The map, dubbed a "Brain Atlas" by its creators, details the locations of more than 21,000 genes in a male mouse's brain. Researchers have placed the complete three-dimensional map on the Internet and opened it up to scientists and the public free of charge.
Scientists now spend months, and sometimes years, performing what essentially amounts to busy work: confirming that genes they suspect of playing a role in disease actually operate in a particular brain region.
The map will let scientists immediately locate such genes, at least in the mouse, potentially taking away the need for the confirmatory work. This means genes can now be ruled in or ruled out in a matter of minutes or hours, researchers said.
"All of the prospecting has been done. You can go there and start mining (the genes) yourself," said David Anderson, a California Institute of Technology brain researcher. He is a member of the board of the Allen Institute for Brain Science, which reported the project.
The atlas is the Seattle-based Institute's first major project since it was founded three years ago with a $100 million endowment from Allen. It follows the publicly-funded Human Genome Project, which opened a complete catalogue of the human genetic sequence to the public in 2003.
Biotech and pharmaceutical companies already generate their own location maps for targeted genes in the brain. Anderson said the Allen Institute's map is not only the largest created, but is also the first to be shared worldwide with all comers.
"We are very unique in that we're making all of this data publicly available," he told reporters at a briefing on Capitol Hill in Washington.
About 90 percent of the genes in a mouse's brain have a human counterpart, so the mouse atlas can serve as a close analogue for gene locations in people, researchers said. But research on the atlas has already shown more genetic complexity in the brain than scientists originally suspected. More than 80 percent of the genes in a mouse's DNA are expressed in the brain, and almost no genes are found in only one brain region.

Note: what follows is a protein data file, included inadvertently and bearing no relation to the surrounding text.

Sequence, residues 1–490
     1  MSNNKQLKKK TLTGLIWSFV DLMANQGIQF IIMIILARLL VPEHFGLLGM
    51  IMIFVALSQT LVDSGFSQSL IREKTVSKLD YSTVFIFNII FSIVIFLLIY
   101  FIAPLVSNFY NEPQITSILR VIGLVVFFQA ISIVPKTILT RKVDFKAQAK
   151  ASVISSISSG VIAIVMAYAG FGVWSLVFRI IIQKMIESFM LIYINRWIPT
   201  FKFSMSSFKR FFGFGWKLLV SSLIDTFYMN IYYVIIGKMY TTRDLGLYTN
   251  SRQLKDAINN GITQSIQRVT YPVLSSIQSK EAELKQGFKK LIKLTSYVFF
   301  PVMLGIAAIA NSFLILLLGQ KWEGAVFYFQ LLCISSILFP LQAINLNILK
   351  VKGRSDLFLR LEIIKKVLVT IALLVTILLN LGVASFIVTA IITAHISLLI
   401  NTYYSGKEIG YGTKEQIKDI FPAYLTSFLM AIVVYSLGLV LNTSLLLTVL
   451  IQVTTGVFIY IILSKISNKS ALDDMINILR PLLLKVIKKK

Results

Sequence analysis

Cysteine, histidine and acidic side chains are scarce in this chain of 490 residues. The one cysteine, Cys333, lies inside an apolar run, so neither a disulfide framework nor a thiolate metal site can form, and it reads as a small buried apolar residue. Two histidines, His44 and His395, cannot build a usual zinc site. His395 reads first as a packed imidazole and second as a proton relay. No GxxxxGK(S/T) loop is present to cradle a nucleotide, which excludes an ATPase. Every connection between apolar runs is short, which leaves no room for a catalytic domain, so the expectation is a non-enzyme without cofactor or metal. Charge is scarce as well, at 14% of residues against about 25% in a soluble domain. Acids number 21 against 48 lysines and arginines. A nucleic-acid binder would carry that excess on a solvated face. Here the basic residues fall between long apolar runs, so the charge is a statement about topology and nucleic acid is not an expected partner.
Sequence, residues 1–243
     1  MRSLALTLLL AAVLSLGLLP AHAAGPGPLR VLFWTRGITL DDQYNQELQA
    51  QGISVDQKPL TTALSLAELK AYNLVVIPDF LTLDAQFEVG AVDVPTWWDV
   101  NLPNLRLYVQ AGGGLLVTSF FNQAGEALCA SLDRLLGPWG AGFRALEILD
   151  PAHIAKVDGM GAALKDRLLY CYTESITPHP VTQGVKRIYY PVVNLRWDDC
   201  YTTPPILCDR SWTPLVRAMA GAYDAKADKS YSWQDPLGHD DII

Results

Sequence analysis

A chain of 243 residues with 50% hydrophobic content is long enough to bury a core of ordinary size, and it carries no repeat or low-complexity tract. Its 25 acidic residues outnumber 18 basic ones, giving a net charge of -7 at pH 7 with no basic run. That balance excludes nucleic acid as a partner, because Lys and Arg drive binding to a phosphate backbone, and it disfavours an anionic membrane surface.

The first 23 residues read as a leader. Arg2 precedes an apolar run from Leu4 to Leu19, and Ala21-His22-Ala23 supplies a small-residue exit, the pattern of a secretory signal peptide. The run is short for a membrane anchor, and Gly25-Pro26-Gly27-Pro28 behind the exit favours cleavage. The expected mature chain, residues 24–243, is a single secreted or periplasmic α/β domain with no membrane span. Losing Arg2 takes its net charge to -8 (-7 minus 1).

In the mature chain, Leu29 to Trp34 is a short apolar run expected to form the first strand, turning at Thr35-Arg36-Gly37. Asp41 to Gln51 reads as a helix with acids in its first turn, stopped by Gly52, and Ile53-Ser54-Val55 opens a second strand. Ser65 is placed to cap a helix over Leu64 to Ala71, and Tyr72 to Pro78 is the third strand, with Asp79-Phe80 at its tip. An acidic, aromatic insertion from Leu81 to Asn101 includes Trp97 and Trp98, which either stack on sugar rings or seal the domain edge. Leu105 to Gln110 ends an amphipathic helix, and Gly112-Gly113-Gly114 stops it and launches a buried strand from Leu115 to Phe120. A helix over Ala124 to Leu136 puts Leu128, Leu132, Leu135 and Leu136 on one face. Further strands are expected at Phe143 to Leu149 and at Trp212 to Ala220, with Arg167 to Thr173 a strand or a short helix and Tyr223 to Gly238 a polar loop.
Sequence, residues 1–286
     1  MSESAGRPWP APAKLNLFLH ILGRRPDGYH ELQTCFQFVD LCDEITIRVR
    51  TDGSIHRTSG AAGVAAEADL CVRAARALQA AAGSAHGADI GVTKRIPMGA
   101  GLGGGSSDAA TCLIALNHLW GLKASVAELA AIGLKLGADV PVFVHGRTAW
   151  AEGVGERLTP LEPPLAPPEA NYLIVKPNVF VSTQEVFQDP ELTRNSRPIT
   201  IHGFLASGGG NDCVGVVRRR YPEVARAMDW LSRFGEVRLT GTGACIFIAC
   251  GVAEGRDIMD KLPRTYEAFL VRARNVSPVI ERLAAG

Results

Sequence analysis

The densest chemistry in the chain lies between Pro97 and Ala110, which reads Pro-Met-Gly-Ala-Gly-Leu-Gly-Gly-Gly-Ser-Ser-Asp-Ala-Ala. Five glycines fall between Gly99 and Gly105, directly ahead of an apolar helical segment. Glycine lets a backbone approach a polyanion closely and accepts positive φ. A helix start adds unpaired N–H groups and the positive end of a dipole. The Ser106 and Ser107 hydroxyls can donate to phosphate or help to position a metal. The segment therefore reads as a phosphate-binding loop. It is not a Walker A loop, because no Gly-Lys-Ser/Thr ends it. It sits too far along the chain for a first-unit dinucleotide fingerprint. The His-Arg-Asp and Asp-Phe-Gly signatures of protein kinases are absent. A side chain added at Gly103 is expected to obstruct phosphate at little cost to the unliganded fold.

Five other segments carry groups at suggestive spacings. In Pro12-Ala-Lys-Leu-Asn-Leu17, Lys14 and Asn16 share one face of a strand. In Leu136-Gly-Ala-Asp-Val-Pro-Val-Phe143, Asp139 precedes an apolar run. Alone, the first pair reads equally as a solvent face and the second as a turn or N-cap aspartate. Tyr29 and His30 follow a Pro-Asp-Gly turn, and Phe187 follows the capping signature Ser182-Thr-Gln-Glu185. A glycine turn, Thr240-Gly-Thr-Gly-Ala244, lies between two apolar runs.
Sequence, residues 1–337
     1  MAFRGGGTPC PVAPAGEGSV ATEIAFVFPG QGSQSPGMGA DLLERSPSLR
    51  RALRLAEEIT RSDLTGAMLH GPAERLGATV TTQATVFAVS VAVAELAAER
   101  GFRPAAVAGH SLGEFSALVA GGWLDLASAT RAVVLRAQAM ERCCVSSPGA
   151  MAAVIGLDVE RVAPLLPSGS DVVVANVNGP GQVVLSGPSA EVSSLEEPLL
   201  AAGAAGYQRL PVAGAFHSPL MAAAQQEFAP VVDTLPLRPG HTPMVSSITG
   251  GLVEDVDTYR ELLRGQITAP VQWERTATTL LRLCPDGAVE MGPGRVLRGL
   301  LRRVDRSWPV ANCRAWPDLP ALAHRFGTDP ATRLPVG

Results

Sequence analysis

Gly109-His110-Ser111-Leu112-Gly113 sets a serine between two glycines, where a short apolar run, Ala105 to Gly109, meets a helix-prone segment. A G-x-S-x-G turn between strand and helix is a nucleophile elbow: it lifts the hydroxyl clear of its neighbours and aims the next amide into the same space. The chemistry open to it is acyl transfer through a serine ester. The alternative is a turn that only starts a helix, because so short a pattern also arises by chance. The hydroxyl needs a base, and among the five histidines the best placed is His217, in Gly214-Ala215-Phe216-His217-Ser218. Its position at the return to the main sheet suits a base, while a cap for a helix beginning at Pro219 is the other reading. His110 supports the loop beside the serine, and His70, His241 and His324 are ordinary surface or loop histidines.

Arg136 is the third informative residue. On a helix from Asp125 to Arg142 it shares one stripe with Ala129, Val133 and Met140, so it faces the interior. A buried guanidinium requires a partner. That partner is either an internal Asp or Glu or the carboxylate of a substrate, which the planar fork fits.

Thomas Insel, M.D., who directs the National Institute of Mental Health, said in an interview that the new Brain Atlas, along with the Human Genome Project and related maps, have cut up to five years of basic research time off genetic disease studies. "If you know where something is expressed, it helps explain what it might do," he said.
Still, he cautioned that the Atlas is only a "snapshot" of a mouse's life and will not shed light on the key question of how genes turn on and off during aging. "This answers the 'where' question. It leaves out a couple of questions. One that this leaves out is the 'when' question," Insel said.
Allan Jones, Ph.D., the Allen Institute's chief scientific officer, said the institute is now moving to compile a gene atlas of the human neo-cortex, the folded structure that forms the outer layers of brain tissue. That project requires only about one-quarter the data used to construct the mouse atlas, he said.
The laboratory has no plans to generate a genetic map of the complete human brain, Jones said, noting that such a project would take "orders of magnitude" longer to complete than the three years needed for the mouse project. "The scale would be enormous," he said.
SOURCES: David Anderson, professor of biology, California Institute of Technology; board member, Allen Institute for Brain Science. Thomas Insel, M.D., director, National Institute of Mental Health. Allan Jones, Ph.D., chief science officer, Allen Institute.
By Todd Zwillich
Reviewed by Louise Chang, M.D